Toyota has deemed its Prius hybrid so successful, the company is launching other new models bearing the Prius name. The Prius C is the third model in the lineup, following the original Prius liftback and the slightly larger Prius V. The Prius C is designed to be a small, entry-level Prius.

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Toyota styled the front end with its corporate design language, including the Toyota nose bump. Toward the rear, the car has a sporty, swept-back look.

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The architecture of the hybrid power train is the same as that of the other Prius models, but with a smaller engine and electric motor. The total output of this system is 99 horsepower, and it averages over 50 mpg in a variety of driving conditions.

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Technically, the Prius C could seat five, with a little room left over for cargo. But passengers would be cramped and it wouldn't be comfortable for long trips.

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The taillights are a bit too large, considering the overall design of the car.

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The Prius C sits on a very conventional suspension, which gives it a decent but unremarkable ride. The seat padding seems to account for some of the shock absorption.

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The cargo area is not large, suitable for a few grocery bags maybe, but not a standard CNET editor.

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The interior is covered in hard plastics, which cheapens the feel, but the two-tone cloth seats look nice. The Prius C showcases new Toyota navigation technology, along with the Entune app integration system.

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Electric power steering is immediately obvious when you turn the wheel of the Prius C. Loose steering-wheel tuning marks the car out for utilitarian cruising, not cornering antics.

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As with Toyota's other hybrids, the shifter is merely a drive selector, with the standard Park, Reverse, Neutral, and Drive positions. It does offer a B setting as well, which maximizes regeneration.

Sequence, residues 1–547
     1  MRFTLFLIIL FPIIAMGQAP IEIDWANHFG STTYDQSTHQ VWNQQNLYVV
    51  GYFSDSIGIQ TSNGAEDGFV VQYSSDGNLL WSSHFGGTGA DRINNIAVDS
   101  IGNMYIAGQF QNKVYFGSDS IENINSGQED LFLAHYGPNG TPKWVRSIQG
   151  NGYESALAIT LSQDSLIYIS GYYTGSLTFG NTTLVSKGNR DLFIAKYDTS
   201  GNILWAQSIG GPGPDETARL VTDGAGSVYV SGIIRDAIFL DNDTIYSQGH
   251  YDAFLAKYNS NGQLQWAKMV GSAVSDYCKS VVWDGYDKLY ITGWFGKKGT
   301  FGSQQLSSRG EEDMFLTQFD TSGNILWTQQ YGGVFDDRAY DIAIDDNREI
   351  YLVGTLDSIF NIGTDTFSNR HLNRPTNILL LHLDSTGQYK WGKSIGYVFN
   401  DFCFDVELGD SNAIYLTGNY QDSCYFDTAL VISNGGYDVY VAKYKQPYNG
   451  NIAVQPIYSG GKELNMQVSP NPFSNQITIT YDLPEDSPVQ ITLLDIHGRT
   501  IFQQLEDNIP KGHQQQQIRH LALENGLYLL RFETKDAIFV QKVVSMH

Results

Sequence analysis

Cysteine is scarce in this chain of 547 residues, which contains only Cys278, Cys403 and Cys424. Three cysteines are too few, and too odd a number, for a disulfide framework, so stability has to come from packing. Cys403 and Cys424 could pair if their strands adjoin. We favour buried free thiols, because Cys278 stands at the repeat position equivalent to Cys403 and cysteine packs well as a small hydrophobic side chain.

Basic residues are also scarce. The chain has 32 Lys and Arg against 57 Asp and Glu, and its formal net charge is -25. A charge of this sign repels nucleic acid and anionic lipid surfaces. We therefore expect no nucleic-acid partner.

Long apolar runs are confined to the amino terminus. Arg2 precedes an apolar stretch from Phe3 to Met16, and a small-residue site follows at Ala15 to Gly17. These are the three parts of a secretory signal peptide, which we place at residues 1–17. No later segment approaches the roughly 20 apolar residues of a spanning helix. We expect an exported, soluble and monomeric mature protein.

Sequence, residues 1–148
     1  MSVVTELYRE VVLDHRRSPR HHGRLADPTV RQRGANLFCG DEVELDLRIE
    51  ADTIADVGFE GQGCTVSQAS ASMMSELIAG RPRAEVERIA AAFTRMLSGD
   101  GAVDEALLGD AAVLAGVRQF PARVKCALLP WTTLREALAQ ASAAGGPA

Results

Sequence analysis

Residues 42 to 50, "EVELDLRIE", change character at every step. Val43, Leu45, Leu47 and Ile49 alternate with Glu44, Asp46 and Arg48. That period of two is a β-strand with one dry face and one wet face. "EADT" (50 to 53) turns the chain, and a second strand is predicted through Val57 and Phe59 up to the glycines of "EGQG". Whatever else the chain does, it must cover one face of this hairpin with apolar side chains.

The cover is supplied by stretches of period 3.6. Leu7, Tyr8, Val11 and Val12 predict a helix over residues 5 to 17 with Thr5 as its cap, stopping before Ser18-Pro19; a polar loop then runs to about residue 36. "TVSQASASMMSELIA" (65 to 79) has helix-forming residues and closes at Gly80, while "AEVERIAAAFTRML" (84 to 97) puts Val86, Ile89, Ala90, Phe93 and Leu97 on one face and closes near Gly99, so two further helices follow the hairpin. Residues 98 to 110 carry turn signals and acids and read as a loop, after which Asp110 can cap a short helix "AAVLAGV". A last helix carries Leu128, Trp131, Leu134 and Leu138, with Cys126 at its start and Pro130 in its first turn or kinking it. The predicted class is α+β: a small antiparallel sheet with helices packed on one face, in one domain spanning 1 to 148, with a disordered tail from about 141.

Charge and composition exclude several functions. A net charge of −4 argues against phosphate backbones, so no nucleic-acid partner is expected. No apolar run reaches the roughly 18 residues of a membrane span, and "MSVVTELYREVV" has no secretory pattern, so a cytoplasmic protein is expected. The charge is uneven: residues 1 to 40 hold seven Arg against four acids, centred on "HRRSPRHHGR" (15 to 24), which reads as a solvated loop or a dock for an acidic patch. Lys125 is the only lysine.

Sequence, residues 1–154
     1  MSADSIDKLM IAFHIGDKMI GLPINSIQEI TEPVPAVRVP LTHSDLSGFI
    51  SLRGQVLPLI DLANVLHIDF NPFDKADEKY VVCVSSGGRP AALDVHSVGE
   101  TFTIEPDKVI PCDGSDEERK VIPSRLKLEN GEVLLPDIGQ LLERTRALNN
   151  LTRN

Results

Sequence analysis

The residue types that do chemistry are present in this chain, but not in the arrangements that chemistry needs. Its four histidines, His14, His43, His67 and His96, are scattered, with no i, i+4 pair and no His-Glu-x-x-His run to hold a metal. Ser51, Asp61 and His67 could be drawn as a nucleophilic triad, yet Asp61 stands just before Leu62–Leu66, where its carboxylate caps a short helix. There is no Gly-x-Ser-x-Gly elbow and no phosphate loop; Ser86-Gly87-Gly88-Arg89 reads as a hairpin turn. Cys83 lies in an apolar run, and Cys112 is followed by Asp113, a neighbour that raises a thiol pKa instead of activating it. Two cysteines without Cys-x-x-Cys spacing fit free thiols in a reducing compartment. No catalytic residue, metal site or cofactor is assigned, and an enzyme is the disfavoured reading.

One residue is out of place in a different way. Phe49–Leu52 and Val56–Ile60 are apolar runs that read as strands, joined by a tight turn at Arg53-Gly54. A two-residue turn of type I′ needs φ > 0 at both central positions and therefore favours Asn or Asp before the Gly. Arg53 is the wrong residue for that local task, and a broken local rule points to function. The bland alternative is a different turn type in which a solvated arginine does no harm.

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Similar to the Prius, the Prius C uses a completely digital instrument cluster.

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Touching the steering-wheel controls causes this display to show up on the instrument cluster. In practice, it is not all that useful, as you can quickly learn the button positions.

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This new display, to the right of the speedometer, has a variety of useful screens dealing with the operation of the hybrid system.

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On this screen you can program in the current price per gallon of gasoline, and see how much the Prius C costs to drive.

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This new navigation head unit, standard in the Prius C Three trim, shows maps in 2D or 3D. The new maps have a nice look, but the head unit is difficult to see when the sun is out because of the glare.

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Toyota retains the power-flow animation display on the main screen, although it can also be called up on the instrument cluster display. This screen shows when the battery is being charged and whether power to the wheels is coming from the engine or electric motor.

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There are a good number of digital audio sources available to the stereo, including Bluetooth streaming, Pandora, and iPod.

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The audio system only has six speakers, but the sound quality is decent, with good separation and some real bass. At higher volume the quality quickly disintegrates.

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Entune offers access to a variety of apps, most powered through a connected phone's data plan.

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The gas prices app is very useful, letting you quickly find the lowest per-gallon price at stations around the car.

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We searched on the term "fries" using Bing, and it came up with these results in the San Francisco Bay Area. The results are tied to the navigation system, so can be quickly set as a destination.

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The Bluetooth hands-free phone system does everything we would expect, and it also has text message integration. Unfortunately, few phones support the protocol that lets the car display text messages.

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